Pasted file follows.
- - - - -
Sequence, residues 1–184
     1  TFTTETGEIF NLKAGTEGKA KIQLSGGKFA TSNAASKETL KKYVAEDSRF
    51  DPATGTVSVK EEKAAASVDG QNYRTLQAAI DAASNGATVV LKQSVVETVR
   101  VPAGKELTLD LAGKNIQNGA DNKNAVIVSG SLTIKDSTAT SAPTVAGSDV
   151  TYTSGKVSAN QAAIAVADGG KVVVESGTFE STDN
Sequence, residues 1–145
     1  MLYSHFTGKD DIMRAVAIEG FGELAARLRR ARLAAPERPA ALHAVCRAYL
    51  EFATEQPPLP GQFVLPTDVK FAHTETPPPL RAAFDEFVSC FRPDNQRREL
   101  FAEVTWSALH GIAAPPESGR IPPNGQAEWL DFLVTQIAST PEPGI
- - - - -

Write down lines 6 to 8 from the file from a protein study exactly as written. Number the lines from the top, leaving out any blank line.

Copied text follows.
Sequence, residues 1–145
     1  MLYSHFTGKD DIMRAVAIEG FGELAARLRR ARLAAPERPA ALHAVCRAYL
    51  EFATEQPPLP GQFVLPTDVK FAHTETPPPL RAAFDEFVSC FRPDNQRREL